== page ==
In some ways, Gragson’s potential ascension to the Cup Series mimics that of Keselowski’s…a talented driver at multiple levels whose aggressive racing style might rub some guys the wrong way (just ask Harrison Burton after the Xfinity Series event at Kentucky this year) but has the potential to impress both Rick Hendrick and Dale Earnhardt Jr. while piloting a car for JR Motorsports. Gragson has certainly posted results worthy of a Cup ride. He was the runner-up in 2018’s Truck Series ledger (racing a Toyota owned by Kyle Busch) and has been a premier name on the Xfinity level with wins at Daytona and Bristol this season. A fiery rookie may be the ultimate counter to the mild-mannered, stoic Johnson, but such a contrast would be one of 2021’s most intriguing storylines.

Dylan Price: All signs now point to Erik Jones. who’s now out of a ride. I love Erik as a racer and I think he would fit well within the current trio at Hendrick Motorsports. I think he also is the kind of high potential driver that Rick and Jeff Gordon (who owns part of the 48) would really want within the organization.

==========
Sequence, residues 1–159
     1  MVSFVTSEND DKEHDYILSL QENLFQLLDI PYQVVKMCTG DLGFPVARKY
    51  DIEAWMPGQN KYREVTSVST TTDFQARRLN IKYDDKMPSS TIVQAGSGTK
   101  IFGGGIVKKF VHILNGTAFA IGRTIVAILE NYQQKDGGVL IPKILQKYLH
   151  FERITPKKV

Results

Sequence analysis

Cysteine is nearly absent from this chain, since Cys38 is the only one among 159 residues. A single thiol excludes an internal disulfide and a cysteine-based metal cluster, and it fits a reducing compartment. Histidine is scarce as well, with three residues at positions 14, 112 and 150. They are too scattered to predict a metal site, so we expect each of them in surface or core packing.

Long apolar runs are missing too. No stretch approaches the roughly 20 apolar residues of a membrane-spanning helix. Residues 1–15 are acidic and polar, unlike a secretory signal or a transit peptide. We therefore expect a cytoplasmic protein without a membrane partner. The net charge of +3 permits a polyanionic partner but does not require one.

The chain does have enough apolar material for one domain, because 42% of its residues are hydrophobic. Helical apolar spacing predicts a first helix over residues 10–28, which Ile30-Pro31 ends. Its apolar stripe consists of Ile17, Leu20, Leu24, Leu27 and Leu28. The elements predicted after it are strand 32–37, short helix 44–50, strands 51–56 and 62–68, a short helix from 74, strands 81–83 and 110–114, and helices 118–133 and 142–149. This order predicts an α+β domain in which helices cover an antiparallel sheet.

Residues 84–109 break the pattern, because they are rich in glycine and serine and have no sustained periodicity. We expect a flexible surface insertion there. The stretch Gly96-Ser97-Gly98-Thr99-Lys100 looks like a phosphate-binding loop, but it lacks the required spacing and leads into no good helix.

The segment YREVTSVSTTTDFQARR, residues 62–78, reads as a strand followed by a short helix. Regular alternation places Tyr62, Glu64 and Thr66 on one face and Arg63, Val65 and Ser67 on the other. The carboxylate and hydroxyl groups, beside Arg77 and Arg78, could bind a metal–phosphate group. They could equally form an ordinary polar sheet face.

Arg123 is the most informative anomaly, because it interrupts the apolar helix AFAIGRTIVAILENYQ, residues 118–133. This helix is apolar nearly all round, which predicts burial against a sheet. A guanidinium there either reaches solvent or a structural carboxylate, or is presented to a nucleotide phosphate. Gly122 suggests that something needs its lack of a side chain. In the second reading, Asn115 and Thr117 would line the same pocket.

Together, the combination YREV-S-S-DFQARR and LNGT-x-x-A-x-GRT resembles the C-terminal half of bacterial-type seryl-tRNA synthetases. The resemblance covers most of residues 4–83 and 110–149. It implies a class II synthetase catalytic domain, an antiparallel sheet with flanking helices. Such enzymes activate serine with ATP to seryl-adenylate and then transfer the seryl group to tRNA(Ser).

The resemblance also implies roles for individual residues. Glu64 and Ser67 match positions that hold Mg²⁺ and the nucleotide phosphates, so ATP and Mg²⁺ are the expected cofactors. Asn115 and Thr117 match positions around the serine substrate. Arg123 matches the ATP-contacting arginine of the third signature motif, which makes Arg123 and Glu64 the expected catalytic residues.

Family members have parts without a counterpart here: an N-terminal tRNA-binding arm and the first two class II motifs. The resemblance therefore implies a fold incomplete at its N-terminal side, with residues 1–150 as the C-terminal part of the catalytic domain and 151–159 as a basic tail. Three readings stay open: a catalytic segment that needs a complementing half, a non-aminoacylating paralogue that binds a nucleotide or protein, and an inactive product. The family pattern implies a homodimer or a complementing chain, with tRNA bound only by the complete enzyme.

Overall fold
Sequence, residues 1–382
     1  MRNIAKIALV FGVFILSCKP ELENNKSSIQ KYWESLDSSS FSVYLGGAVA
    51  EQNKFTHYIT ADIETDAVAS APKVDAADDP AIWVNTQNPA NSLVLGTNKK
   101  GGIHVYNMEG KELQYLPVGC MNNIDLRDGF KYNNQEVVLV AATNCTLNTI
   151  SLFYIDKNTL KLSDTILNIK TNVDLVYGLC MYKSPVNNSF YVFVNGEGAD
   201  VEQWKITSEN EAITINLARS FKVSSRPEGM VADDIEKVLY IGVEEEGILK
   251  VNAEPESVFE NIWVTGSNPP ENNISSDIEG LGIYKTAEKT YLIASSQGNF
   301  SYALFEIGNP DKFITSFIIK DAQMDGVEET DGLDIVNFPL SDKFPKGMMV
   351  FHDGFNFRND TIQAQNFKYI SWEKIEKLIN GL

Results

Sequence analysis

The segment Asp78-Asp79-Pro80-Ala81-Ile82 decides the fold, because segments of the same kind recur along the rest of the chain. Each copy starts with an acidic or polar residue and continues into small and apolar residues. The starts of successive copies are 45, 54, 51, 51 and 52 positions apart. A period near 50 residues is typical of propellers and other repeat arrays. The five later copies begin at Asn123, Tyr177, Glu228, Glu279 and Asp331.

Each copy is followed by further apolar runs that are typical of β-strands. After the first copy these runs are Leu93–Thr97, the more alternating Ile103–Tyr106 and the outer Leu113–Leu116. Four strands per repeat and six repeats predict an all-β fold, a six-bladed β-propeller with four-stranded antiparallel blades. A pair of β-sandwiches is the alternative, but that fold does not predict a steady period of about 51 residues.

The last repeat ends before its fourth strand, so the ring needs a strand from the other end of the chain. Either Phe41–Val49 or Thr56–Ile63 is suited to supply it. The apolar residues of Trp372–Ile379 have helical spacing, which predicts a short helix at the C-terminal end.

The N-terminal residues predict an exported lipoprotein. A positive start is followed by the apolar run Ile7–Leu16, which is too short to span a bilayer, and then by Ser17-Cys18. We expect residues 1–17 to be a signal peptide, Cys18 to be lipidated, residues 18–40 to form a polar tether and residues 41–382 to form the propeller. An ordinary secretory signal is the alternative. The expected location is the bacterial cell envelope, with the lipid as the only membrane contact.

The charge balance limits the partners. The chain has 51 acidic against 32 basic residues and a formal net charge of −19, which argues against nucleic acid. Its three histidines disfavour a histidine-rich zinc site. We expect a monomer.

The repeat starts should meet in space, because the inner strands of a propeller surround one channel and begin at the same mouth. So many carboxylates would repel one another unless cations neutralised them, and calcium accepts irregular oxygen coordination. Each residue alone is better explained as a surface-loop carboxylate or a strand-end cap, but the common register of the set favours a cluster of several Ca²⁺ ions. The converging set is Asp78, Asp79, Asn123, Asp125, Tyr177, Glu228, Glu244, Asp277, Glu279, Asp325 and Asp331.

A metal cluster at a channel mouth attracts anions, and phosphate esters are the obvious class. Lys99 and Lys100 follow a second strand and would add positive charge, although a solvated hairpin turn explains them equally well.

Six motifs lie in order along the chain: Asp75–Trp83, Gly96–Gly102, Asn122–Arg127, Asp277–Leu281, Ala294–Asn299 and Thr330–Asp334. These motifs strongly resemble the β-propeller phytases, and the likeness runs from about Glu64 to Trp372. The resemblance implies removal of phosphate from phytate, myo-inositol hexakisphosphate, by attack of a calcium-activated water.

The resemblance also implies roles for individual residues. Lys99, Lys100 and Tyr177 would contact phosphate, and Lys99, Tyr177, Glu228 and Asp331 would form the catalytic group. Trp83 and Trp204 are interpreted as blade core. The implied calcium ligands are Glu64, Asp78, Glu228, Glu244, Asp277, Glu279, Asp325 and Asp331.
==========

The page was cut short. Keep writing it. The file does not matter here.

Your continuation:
With that said, I don’t think he should drive the No. 48 car. I think the car should switch back to No. 5 for Jones. Still, nothing is for certain and a guy like Matt DiBenedetto or Kyle Larson could be a surprise hire.

Nathan Solomon: There are a few options on who could drive the No. 48 next year. Erik Jones is the newest free agent, and with his time at Gibbs, I could see him driving that car. Clint Bowyer is also a free agent, but I don’t really see him driving for Hendrick, especially with his age.

The other option could be to turn to one of the guys at JR Motorsports such as Noah Gragson or Justin Allgaier. There’s also a pair of guys driving for Kaulig Racing in Justin Haley and Ross Chastain who would love an opportunity in a Cup Series car that has a chance to win every week.

(Photo by Jared C. Tilton/Getty Images)

Turn 4: NASCAR has instituted some new changes, including new starting lineup and restart policies as we approach the playoffs. Thoughts?